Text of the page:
- The government of Niger is again accused of trying to censor international reporting on a growing hunger crisis in the poor Sahelian country. Nigerien authorities withdrew accreditation last week from a 'BBC' television crew after it reported on hunger in the central region of Maradi and has forbidden officials to talk to the media about the food situation, journalists claim.
The British state broadcaster 'BBC' reported Tuesday that the government in Niamey withdrew permission for its team to continue reporting on the humanitarian situation after it broadcast a story on hunger in Maradi, which was badly hit by famine last year. Reports from the Nigerien region strongly indicate that a new hunger crisis is developing here.
The BBC's South Africa-based crew said it found many people who faced food shortages in Maradi, "including one family where parents and children had not eaten for three days." It quoted local officials as saying international and local media would not be allowed to do stories about the food situation as they did not want that subject covered.
Sources in Niger claim that government officials had insisted that the 'BBC' team had been granted visas to cover the current bird flu outbreak and that they had exceeded their authorisation. Government spokesman Mohamed Ben Omar told 'Radio France Internationale' today that any journalist was free to come to Niger but that "telling stories that are not true is another matter."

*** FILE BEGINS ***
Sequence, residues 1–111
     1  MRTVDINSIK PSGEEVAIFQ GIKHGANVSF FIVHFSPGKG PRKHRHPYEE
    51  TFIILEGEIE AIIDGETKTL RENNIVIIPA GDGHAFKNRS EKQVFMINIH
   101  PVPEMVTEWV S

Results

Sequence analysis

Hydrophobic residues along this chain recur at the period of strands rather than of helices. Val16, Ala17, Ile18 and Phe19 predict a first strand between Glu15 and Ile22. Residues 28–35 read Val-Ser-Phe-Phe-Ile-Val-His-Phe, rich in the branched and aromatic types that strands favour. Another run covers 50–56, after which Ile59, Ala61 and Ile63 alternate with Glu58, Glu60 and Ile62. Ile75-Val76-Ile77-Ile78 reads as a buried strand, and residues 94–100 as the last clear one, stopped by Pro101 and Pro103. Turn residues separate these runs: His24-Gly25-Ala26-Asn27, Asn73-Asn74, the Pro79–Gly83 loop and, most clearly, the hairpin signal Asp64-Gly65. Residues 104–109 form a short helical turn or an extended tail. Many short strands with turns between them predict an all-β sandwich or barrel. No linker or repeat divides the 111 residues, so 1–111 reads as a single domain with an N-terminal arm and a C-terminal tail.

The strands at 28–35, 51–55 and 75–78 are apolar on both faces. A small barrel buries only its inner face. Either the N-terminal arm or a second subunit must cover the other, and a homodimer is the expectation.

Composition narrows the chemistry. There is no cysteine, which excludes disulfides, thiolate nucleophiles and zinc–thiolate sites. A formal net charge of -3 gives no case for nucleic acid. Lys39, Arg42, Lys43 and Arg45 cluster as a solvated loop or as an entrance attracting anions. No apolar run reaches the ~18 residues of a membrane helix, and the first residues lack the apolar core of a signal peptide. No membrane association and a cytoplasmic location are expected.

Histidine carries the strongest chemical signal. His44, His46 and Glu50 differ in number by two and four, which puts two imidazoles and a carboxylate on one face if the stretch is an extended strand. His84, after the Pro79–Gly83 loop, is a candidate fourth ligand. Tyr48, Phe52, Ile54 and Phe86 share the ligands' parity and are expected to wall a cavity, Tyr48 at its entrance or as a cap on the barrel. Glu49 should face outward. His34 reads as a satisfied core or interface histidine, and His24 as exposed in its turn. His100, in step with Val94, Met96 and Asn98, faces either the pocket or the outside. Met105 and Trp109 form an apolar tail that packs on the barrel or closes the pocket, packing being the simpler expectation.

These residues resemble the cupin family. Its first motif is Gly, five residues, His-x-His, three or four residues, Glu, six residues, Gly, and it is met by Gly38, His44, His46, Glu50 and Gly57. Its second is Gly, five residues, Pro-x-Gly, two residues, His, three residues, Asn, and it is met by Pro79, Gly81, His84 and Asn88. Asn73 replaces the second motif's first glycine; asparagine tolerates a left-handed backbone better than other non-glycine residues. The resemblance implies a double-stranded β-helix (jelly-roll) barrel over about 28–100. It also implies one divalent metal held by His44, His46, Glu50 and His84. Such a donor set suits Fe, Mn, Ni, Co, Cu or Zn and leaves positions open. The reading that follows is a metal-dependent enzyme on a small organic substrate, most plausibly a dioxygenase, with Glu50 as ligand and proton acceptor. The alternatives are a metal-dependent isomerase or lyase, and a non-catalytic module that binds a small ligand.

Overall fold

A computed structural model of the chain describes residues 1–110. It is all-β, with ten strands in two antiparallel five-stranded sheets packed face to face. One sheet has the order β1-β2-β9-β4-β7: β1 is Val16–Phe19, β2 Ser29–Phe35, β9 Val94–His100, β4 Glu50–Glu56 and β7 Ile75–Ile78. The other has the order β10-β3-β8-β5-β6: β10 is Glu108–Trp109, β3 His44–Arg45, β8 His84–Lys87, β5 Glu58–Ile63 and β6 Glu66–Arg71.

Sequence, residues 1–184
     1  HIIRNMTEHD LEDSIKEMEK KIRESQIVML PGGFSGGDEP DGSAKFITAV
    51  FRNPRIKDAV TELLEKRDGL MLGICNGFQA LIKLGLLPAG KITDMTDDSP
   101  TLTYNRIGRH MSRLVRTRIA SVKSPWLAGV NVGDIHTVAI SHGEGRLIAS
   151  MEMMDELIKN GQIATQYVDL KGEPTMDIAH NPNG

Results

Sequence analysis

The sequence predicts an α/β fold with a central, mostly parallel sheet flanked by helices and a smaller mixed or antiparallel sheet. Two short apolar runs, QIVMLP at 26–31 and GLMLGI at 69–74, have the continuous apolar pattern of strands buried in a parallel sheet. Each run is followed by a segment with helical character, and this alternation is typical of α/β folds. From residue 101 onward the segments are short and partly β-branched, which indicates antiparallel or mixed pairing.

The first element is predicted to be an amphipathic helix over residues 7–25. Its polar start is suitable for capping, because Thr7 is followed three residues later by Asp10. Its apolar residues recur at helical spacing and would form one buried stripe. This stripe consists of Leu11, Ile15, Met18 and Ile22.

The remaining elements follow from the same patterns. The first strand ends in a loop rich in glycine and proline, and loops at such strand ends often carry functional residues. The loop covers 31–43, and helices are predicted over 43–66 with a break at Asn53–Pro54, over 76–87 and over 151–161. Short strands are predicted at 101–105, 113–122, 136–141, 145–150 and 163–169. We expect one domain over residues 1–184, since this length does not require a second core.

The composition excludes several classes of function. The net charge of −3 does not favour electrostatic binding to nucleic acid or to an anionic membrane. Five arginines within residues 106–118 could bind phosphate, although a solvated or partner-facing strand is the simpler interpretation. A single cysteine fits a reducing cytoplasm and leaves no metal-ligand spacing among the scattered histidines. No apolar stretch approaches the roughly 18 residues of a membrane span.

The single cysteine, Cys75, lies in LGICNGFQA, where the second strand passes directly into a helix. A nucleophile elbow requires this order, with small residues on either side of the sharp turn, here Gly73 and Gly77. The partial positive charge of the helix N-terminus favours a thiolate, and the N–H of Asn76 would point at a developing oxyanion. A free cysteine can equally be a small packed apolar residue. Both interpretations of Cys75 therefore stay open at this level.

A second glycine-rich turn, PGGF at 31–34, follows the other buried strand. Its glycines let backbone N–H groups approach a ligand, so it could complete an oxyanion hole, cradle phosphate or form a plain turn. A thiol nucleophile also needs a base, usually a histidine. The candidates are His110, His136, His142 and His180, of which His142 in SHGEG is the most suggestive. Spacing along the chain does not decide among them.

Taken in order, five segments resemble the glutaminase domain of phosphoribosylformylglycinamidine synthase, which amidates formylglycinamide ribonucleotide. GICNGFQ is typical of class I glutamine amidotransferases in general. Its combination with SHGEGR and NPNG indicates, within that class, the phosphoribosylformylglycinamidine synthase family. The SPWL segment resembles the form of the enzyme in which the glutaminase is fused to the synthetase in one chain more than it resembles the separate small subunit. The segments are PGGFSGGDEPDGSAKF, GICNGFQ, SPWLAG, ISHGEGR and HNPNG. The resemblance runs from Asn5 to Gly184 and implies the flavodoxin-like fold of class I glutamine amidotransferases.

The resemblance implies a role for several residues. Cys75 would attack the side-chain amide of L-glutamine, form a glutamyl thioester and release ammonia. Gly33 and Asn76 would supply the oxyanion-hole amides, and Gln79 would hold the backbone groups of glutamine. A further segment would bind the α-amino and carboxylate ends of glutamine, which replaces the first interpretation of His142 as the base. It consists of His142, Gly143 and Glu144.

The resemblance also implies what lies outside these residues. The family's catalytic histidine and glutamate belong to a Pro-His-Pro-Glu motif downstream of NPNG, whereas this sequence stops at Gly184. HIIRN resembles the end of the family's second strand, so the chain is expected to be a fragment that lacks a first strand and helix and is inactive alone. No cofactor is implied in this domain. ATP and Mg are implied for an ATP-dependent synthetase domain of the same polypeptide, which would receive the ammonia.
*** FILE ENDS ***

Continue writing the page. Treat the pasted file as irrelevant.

Also last year, Niamey authorities sought to repress local coverage of a developing nation-wide famine for fear that the news would tarnish the country's image, according to the Media Foundation for West Africa (MFWA). In early August 2005, President Mamadou Tandja publicly denied the existence of famine in Niger, despite widespread media reports and a vast international aid campaign.
Reports of this new attempt to censor reports on a potential famine in the Maradi region have caused widespread concern. International humanitarian agencies are worried that famine could recur in the coming months, but the Niger government says there is no food crisis, and could thus delay donations for a potential hunger relief operation. Last year, the public denial of Niamey officials strongly contributed to the very late start of aid flows to Niger.
Also press freedom organisations are concerned. The New York-based Committee to Protect Journalists (CPJ) today said it was "alarmed by Niger's attempt to censor coverage of hunger and malnutrition." The organisation had spoken to representatives of the BBC and local media. Attempts to get comments from the government were however unsuccessful, the group reported today.
"We are deeply troubled by this censorship of news, which is of pressing concern for the international community and the people of Niger," said CPJ Director Ann Cooper. "It is shocking that the government of Niger would put its desire to protect its image ahead of the desperate needs of its own citizens. The government must allow full and unfettered coverage of the humanitarian needs of the population," she demanded.
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